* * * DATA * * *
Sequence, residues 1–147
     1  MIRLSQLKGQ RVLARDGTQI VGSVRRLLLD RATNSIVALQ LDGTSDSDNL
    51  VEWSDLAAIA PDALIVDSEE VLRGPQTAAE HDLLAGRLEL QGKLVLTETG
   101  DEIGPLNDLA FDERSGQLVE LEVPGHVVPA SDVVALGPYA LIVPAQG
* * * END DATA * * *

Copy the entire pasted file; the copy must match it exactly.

Sequence, residues 1–147
     1  MIRLSQLKGQ RVLARDGTQI VGSVRRLLLD RATNSIVALQ LDGTSDSDNL
    51  VEWSDLAAIA PDALIVDSEE VLRGPQTAAE HDLLAGRLEL QGKLVLTETG
   101  DEIGPLNDLA FDERSGQLVE LEVPGHVVPA SDVVALGPYA LIVPAQG